Worm Breeder's Gazette 15(3): 17 (June 1, 1998)
These abstracts should not be cited in bibliographies. Material contained herein should be treated as personal communication and should be cited as such only with the consent of the author.
|1||CIML, Luminy Case 906, 13288 Marseille Cedex 9, France|
|2||IBDM, Luminy Case 907, 13288 Marseille Cedex 9, France|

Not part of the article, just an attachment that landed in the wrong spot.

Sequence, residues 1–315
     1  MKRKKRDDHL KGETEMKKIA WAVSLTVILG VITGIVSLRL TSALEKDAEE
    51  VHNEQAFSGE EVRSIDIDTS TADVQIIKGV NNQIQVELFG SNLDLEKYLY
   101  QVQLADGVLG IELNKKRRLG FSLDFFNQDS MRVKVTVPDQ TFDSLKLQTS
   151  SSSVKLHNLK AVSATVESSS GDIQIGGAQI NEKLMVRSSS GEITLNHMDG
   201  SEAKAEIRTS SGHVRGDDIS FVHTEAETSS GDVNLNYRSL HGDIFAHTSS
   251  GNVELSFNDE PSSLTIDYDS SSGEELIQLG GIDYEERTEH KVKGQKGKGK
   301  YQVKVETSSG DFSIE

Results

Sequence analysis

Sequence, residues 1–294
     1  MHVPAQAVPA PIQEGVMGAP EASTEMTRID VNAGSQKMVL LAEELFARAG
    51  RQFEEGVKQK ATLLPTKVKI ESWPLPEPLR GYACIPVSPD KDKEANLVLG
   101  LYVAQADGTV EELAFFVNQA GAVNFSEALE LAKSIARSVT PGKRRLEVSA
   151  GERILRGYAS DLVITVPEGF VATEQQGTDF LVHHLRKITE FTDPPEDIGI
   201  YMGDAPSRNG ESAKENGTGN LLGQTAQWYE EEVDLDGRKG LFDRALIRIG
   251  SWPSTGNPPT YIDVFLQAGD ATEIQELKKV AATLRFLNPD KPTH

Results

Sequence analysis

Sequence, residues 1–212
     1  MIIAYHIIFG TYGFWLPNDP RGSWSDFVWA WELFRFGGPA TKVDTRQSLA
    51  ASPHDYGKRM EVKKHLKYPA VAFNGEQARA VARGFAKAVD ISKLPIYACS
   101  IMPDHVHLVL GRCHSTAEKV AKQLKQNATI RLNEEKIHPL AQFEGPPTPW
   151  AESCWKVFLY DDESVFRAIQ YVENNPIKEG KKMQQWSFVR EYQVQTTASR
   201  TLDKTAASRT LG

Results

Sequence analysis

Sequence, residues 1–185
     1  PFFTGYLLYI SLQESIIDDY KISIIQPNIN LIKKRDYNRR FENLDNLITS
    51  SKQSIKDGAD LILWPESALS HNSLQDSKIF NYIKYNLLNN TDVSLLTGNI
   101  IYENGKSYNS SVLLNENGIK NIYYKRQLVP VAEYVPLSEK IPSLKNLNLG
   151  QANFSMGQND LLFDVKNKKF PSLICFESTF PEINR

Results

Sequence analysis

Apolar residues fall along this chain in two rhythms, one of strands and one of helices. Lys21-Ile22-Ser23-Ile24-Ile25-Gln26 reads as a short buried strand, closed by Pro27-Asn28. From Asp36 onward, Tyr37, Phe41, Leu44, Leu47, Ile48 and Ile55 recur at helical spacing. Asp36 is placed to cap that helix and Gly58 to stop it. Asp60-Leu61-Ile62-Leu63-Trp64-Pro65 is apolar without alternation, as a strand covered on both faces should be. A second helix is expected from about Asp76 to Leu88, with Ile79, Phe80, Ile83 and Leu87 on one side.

We are studying a C. elegans homologue of a couple of vertebrate neuron-specific transcription factors, to explore phylogenetic aspects of neuronal identity and of its transcriptional determination. Phox2a and Phox2b are two closely related homeodomain proteins of the paired-like family specifically expressed (mostly co-expressed) in specific classes of neurons in vertebrates (1,2). Careful analysis of their expression pattern has revealed a striking coherence which can be summarized by three overlapping neuroanatomical correlates: i) all noradrenergic neurons, ii) most central and peripheral neurons involved in the reflex circuits of the visceral nervous system, iii) cranial motoneurons. Published work and ongoing studies aim at reconstructing the transcriptional cascades in which Phox2a and Phox2b act and at defining which part of specific neuronal phenotypes they control (3,4). The sequencing of the C. elegans genome has unveiled a probable orthologue of Phox2a and b, D1007.1, which we call for the moment cePhox2. It is 88% identical to murine Phox2a in the homeodomain, a level of homology often associated with functional conservation among homeobox genes between vertebrates and invertebrates. We have cloned the cDNA by RT-PCR, thereby verifying the GeneFinder prediction. We have created transgenic lines harboring GFP under the control of the 1 kb upstream of CePhox2. The transgene is first expressed in early embryos. Expression continues at larval and adult stages in a few head and tail neurons, and, presumably ectopically, in the rostral and caudal part of the intestine. An antibody raised against the C-terminus of CePhox2 has confirmed its neuronal expression. Our current aim is to identify each Phox2 expressing neuron. We then plan to perform loss-of-fuction and gain-of-function studies. Our long-term hope, with the parallel mouse and worm studies, is to define what has changed and what has not throughout evolution in the "neuro-ontogenetic module" involving Phox2. Thanks to: Alan Coulson, Andy Fire and Theresa Stiernagle. (1) Tiveron et al. (1996) J. Neurosci., 16, 7649-7660. (2) Pattyn et al. (1997) Development, 124, 4065-4075. (3) Morin et al. (1997) Neuron, 18, 411-423. (4) Hirsch et al. (1998) Development, 125, 599-608.